Return of a King: The Battle for Afghanistan

William Dalrymple

Return of a King: The Battle for Afghanistan
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Return of a King: The Battle for Afghanistan

William Dalrymple

In the spring of 1839, the British invaded Afghanistan for the first time. Led by lancers in scarlet cloaks and plumed shakos, nearly 20,000 British and East India Company troops poured through the high mountain passes and re-established on the throne Shah Shuja ul-Mulk. On the way in, the British faced little resistance. But after two years of occupation, the Afghan people rose in answer to the call for jihad and the country exploded into violent rebellion. The First Anglo-Afghan War ended in Britain’s greatest military humiliation of the nineteenth century: an entire army of the then most powerful nation in the world ambushed in retreat and utterly routed by poorly equipped tribesmen.

Return of a King is the definitive analysis of the First Afghan War, told through the lives of unforgettable characters on all sides and using for the first time contemporary Afghan accounts of the conflict.

Prize-winning and bestselling historian William Dalrymple’s masterful retelling of Britain’s greatest imperial disaster is a powerful and important parable of colonial ambition and cultural collision, folly and hubris, for our times.

Review

William Dalrymple’s talents as an academic historian and travel writer come together in this captivating narration of the First Anglo-Afghan War (1839-1842). Inspired by the failings of the ‘latest western adventure’ into Afghanistan, Dalrymple set out to write a comprehensive history of Britain’s first unsuccessful mission to control Afghan territory. The volume and variety of sources he has used is remarkable and include previously unpublished material ranging from Afghan epic poetry to documents uncovered in the Indian National Archives. The latter reveals an inquiry into atrocities committed by the British army, which Dalrymple comments read ‘like a Victorian version of Wikileaks’.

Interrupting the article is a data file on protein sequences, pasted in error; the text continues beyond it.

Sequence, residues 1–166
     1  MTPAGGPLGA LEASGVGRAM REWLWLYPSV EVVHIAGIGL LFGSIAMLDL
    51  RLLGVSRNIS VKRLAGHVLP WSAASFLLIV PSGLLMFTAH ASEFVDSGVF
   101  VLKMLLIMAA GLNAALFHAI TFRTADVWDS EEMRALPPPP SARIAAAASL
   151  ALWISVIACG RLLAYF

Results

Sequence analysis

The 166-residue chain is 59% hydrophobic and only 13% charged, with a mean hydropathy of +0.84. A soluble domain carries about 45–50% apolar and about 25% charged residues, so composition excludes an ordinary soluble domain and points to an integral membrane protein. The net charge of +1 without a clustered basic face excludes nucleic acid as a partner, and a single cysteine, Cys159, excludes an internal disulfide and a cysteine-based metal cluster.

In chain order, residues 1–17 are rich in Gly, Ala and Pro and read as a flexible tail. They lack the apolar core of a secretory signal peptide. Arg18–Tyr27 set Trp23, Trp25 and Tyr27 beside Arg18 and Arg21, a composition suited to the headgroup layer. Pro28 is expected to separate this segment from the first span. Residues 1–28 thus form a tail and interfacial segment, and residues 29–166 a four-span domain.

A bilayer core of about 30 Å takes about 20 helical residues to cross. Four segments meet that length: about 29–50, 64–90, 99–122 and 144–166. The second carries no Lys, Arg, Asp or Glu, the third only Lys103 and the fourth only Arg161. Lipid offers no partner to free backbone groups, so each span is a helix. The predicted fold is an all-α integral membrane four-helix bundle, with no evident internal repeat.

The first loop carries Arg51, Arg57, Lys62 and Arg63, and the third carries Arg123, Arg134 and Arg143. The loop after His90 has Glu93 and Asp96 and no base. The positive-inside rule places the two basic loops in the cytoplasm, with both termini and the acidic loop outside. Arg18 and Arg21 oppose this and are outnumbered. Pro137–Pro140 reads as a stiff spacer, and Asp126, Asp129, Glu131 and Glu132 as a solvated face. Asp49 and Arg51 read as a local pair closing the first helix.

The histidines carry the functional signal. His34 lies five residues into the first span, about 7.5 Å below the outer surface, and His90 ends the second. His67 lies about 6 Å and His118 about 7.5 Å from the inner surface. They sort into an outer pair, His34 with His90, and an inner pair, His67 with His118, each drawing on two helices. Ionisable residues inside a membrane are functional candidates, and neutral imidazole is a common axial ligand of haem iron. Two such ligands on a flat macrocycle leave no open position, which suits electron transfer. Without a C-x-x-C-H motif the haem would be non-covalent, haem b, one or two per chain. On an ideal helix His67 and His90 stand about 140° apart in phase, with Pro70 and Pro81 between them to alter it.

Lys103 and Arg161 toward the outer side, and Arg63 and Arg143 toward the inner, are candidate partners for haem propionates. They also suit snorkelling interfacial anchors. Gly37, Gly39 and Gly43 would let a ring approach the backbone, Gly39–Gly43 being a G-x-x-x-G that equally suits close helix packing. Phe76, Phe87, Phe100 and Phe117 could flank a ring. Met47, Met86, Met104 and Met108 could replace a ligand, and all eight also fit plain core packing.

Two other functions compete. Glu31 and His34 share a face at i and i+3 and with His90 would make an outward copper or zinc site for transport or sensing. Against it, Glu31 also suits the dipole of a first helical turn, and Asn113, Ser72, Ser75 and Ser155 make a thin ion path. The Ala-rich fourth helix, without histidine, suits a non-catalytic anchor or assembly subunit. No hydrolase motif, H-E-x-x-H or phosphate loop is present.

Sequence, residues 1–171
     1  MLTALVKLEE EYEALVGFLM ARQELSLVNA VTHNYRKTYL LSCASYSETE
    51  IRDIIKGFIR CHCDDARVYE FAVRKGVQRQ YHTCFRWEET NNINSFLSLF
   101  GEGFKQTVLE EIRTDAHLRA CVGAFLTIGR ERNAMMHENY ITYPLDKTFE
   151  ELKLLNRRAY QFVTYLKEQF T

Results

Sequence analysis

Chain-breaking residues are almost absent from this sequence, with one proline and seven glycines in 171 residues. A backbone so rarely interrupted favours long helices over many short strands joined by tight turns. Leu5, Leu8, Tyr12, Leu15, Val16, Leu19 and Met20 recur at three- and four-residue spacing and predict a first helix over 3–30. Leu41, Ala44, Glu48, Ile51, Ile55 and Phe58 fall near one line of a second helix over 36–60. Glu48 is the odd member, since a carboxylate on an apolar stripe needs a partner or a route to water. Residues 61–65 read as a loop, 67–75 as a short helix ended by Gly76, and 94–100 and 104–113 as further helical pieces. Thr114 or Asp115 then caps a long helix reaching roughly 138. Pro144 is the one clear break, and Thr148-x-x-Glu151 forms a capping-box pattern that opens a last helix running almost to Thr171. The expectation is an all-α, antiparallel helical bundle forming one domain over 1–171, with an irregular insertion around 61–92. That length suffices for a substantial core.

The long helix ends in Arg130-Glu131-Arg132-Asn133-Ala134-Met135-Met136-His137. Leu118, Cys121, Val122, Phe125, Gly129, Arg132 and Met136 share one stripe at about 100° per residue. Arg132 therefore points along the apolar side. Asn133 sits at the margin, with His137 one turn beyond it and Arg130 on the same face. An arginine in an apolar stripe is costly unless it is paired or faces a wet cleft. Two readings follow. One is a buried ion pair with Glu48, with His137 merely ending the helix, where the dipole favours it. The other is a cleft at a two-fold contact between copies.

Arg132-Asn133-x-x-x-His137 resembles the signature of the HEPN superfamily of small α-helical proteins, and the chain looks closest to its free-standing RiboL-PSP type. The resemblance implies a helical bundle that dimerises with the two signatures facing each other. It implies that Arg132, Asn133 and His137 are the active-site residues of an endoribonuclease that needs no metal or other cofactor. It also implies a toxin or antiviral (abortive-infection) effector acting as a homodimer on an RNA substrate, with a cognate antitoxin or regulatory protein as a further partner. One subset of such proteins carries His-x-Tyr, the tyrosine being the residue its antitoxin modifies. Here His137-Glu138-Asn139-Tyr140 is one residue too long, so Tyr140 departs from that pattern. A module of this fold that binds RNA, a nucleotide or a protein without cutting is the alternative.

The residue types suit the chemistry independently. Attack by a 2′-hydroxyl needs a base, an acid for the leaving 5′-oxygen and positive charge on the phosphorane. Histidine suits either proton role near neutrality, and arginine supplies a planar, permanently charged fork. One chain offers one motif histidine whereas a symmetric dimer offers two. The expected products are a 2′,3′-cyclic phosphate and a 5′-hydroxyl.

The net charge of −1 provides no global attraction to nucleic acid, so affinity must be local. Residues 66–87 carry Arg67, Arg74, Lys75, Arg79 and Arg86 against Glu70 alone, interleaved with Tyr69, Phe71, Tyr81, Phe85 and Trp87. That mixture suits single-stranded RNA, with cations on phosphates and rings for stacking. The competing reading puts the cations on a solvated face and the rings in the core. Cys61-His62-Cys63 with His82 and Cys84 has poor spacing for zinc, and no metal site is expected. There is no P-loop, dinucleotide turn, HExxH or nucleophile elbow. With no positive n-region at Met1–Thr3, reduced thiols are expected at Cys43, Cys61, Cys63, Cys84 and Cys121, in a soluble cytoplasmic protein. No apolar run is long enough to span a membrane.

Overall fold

Particularly noteworthy is Dalrymple’s inclusion of sources from female observers at the time. Often absent in historical analysis, especially that of politics and warfare, it is refreshing to see the inclusion of accounts by Emily Eden, sister of George Eden, who was the Governor General of India at the time, and Lady Sale, a formidable prisoner of war who took up a musket to lead a rebellion in order to shame the other male prisoners ‘into doing their duty’. Dalrymple gives equal weight to Afghan and English sources, drawing attention to their often contradictory interpretations of the same events and the subjectivity of both official documents and of memory.

In order to accurately describe the geography, Dalrymple embarked on a dangerous expedition to follow the route of the British retreat in what is today an area controlled by the Taliban. At the site of an 1842 British massacre, he asks his guide, Anwar Khan Jagdalak, a regional tribal leader and former Karzai government minister, if he sees parallels with the current war. Jagdalak replies, ‘it is exactly the same … both times the foreigners have come for their own interests, not for ours. They say, “We are your friends, we want to help.” But they are lying.’

Due to the novelty of the sources and Dalrymple’s unique interpretation, Return of a King is still a great read for those who know a lot about this period in history. However, his engaging prose and travel-writing style also make the book accessible to readers who are new to the long and complex history of the battle for Afghanistan.


Kara Nicholson is from Readings Carlton

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